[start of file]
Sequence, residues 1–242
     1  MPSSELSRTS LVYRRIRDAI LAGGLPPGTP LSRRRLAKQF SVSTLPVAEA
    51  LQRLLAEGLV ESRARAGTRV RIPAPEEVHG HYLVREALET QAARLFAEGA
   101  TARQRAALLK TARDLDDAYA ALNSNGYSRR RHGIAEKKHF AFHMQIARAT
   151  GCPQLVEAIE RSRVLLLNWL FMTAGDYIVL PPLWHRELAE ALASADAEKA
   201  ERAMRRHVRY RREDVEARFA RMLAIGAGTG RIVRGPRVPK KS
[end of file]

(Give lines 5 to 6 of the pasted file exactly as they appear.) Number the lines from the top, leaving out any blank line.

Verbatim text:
   151  GCPQLVEAIE RSRVLLLNWL FMTAGDYIVL PPLWHRELAE ALASADAEKA
   201  ERAMRRHVRY RREDVEARFA RMLAIGAGTG RIVRGPRVPK KS